Contentious Grand Lake Lodge development gets approval from planning commission
A contentious plan to expand the historic Grand Lake Lodge took a step forward last week after the Grand Lake Planning Commission approved a pair of planning documents that had been in limbo over the last several months.
On Jan. 16, the planning commission approved an amended planned development document and a site plan proposal for the Grand Lake Lodge. The two documents are part of a larger development project being planned by the lodge’s owners, Red Tail Acquisitions, a private real estate investment firm based out of Irvine, California.
The documents approval means the issue will now move forward for further review and potential approval of the Grand Lake Board of Trustees.
Grand Lake Town Manager Jim White said he expects the board to review the issue at its upcoming Feb. 11 meeting.
The new Grand Lake Lodge development looks to construct 86 additional lodging units, or cabins, on the property over a four-phase construction project.
The development has been somewhat contentious in the Grand Lake community as numerous local residents have raised their voices in concern or opposition. Statements made by community members have prompted officials from Red Tail Acquisitions to redevelop and resubmit the project’s planning documents on more than one occasion.
The entire project was thrown into uncertainty last fall after a pair of legal arguments were raised during a Sept. 5 planning commission meeting, during which a lawyer representing a local homeowner presented a memorandum of agreement originally signed between the U.S. National Park Service and a previous owner of the lodge. It was contended that the memorandum restricted the ability of developers to construct any hotel or lodge on the property.
A representative from the Grand Lake Historical Society also highlighted a series of covenants they claimed were binding on the property, requiring that all construction on the land meet 40 specific design criteria.
“The matter was referred to the National Park Service, who consulted with their attorney (the U.S. Solicitor’s office),” Grand Lake Town Attorney Scott Krob wrote in a memo to town officials in late November. “The Solicitor provided an answer to the Park Service in which he indicated that the limitation applies only ‘to lands lying within the Park boundaries…’ and that the property that is the subject of the pending application is not within the Park boundaries and therefore not subject.”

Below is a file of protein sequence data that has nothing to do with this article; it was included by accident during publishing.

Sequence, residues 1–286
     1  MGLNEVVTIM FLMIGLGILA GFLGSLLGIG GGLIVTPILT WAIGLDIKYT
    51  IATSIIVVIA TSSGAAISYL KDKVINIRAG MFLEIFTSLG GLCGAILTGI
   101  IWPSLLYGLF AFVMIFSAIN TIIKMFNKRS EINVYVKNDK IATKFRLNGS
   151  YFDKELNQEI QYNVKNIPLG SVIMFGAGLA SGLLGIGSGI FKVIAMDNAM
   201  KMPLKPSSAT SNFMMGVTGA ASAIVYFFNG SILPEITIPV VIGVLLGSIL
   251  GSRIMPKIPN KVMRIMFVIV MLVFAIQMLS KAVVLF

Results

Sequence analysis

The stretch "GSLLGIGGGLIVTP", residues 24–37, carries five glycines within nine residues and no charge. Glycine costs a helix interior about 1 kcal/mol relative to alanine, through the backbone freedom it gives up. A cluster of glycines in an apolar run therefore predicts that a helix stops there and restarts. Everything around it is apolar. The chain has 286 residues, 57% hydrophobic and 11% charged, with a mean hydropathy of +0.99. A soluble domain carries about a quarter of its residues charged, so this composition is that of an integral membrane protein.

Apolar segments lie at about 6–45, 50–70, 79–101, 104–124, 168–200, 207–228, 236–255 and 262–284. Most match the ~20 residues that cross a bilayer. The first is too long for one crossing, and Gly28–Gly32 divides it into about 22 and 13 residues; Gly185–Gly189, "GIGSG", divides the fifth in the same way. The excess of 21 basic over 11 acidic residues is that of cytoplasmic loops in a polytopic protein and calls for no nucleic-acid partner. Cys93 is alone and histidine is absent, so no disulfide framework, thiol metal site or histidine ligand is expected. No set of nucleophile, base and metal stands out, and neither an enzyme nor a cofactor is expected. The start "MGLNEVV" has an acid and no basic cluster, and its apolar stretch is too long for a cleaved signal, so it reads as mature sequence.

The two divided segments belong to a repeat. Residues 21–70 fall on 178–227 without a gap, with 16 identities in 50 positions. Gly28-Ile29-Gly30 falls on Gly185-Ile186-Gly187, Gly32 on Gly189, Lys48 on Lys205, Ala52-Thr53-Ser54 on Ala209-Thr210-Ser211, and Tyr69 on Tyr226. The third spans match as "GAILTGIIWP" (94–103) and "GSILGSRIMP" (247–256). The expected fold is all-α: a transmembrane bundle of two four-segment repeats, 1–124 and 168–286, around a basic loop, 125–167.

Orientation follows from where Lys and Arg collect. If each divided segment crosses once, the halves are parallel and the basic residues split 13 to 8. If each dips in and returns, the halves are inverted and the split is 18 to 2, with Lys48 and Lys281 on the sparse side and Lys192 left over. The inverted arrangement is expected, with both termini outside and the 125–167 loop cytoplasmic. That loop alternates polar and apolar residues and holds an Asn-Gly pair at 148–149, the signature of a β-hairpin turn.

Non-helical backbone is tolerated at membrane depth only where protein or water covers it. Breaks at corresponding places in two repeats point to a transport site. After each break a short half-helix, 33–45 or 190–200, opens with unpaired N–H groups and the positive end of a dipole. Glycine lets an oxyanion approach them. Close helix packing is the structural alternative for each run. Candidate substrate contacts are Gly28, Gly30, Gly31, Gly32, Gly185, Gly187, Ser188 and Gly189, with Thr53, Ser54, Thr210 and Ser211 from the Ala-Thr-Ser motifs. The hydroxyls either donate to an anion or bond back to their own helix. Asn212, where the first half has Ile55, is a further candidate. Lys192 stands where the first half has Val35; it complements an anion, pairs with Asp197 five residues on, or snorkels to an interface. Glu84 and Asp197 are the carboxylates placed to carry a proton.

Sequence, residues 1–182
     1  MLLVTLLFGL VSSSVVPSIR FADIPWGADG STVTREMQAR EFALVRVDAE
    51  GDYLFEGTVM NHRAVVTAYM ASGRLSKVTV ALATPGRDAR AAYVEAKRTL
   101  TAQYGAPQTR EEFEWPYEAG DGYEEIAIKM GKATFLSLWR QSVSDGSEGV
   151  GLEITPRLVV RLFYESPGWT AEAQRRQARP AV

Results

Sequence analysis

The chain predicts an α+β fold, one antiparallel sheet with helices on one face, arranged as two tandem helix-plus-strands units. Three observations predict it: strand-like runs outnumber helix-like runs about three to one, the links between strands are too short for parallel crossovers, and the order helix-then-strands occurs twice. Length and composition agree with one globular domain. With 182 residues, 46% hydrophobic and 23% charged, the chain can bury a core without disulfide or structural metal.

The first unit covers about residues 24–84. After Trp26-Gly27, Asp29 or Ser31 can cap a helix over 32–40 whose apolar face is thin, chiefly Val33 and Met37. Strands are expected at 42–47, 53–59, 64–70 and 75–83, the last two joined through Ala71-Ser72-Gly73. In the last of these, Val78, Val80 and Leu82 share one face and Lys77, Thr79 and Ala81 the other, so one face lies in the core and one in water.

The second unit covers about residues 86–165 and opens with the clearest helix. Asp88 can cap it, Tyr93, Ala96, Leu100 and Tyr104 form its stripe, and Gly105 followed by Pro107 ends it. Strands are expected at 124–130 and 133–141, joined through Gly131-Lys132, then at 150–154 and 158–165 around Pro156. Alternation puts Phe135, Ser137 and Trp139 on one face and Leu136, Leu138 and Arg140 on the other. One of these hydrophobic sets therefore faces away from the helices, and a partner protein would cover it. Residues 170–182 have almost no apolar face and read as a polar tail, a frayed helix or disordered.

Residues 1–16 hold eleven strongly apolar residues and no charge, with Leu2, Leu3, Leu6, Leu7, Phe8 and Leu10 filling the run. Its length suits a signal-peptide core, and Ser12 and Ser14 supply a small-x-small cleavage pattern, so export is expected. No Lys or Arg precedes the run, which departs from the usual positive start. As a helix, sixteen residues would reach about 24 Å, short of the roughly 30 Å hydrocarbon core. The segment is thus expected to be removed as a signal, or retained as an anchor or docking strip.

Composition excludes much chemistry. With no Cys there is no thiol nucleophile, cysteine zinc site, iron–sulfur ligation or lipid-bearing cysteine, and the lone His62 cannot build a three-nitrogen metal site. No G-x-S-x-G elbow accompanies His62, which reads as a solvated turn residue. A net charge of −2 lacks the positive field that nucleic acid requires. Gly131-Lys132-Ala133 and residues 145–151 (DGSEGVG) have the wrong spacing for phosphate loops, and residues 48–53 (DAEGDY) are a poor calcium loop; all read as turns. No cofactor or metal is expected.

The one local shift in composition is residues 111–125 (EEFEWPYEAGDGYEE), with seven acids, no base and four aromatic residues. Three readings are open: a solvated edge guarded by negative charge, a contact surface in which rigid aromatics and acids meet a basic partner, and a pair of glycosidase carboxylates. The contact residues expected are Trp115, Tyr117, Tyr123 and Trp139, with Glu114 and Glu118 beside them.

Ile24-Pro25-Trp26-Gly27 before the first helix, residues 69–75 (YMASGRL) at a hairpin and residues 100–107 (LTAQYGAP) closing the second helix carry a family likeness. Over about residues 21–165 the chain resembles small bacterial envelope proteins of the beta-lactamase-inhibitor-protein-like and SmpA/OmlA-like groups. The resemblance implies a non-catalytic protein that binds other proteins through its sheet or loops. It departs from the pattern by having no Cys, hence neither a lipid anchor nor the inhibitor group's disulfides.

Krob noted that he informed the attorney for the homeowners who raised the memorandum issue, but indicated that he had received no response from the attorney at the time he drafted his memo, roughly a six weeks later.
Mark Painter, a Boulder-based attorney representing Red Tail Acquisitions, addressed the issue of the covenants in comments he made to the planning commission in a Dec. 5 meeting.
At that meeting, Painter outlined a series of legal documents and arguments he asserted proved the covenants highlighted by the Historical Society do not apply to the future lodge development.
According to planning commission meeting minutes from Dec. 5, Krob agreed with Painter’s legal analysis that the covenants did not apply.
The two planning documents were approved with a series of stipulations that were added by the planning commission.
According to Grand Lake Town Planner Nate Shull, those stipulations were related to amendments and additions to the language of the proposed design guidelines for the lodge, requirements for obtaining various special use permits connected to the National Park Service, fire mitigation and road intersection improvements, and finally requirements for obtaining easements for utilities and public access to the property.
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